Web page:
In England, Shrove Tuesday has not just symbolised feasting, fasting and family, but riot and rebellion, too.
Food & Drink
The belief that you are what you eat emerged in 19th-century France, where the pleasures of the table were sautéed with philosophy and medicine.
The origins of haggis are as mysterious as the Loch Ness Monster.
While finding its origins in royal Aztec feasts, the everyday Tex-Mex enchilada is more a product of colonialism and prejudice than authentic heritage.
The Japanese dish of humble origins that conquered the world.
Though long established as the national dish of Hungary, its origins lie with the rootless, itinerant stockmen who roamed the plains of medieval Mitteleuropa.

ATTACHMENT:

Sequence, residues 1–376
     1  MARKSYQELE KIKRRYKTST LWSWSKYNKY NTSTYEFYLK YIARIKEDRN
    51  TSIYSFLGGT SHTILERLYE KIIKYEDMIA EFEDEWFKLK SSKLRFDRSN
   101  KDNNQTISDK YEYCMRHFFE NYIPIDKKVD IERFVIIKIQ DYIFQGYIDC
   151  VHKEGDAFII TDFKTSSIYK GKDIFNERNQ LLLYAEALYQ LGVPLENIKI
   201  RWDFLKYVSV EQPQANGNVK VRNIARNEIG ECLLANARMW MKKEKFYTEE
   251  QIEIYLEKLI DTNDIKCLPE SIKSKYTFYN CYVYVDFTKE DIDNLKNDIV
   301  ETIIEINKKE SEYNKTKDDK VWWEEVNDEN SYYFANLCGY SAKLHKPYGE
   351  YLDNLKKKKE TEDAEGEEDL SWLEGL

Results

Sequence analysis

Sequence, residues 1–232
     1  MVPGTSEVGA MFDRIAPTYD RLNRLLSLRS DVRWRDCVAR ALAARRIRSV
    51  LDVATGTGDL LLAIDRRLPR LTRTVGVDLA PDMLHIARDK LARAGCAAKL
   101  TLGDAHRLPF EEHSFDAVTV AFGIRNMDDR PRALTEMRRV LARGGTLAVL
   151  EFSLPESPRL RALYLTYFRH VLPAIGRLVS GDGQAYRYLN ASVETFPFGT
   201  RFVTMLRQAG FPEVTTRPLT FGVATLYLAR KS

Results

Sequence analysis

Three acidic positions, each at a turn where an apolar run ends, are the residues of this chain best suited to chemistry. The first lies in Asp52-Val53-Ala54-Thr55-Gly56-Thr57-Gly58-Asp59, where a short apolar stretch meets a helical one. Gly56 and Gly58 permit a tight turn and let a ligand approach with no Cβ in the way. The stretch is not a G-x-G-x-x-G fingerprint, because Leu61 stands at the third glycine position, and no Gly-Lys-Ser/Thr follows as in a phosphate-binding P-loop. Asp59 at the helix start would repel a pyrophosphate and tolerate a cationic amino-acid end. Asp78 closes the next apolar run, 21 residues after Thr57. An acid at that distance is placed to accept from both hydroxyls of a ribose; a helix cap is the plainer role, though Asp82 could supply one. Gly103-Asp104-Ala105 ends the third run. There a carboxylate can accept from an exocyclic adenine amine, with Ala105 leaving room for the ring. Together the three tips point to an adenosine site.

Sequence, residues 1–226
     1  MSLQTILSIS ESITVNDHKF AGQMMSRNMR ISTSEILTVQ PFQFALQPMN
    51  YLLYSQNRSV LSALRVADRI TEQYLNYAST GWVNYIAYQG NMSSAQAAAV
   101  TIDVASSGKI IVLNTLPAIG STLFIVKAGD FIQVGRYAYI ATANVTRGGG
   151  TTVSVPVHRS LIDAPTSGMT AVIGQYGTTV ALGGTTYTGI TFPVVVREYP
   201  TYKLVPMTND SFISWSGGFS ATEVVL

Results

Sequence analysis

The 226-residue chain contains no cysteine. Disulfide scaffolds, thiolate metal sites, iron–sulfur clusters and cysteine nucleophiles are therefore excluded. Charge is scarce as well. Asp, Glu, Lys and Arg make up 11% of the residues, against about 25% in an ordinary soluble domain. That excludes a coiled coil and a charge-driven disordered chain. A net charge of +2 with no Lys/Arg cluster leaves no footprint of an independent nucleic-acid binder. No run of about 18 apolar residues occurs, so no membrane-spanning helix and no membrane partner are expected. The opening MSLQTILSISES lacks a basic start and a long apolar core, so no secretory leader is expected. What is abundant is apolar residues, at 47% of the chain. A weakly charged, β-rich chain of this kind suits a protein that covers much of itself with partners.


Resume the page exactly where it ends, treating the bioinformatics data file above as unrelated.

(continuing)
Restaurants went mainstream in the 19th century, but the boom in places to dine out brought unexpected perils – menu anxiety, excessive table talk and ‘strange ladies’ among them.
The staple dish of the Middle East is as contested as the region, with different peoples claiming it as their own.
Rich enough to appeal to lords and dukes, the success of panettone is down to its festive, egalitarian simplicity.
The long, often troubled relationship between Britain and India has led to some extraordinary cross-cultural innovations in cuisine.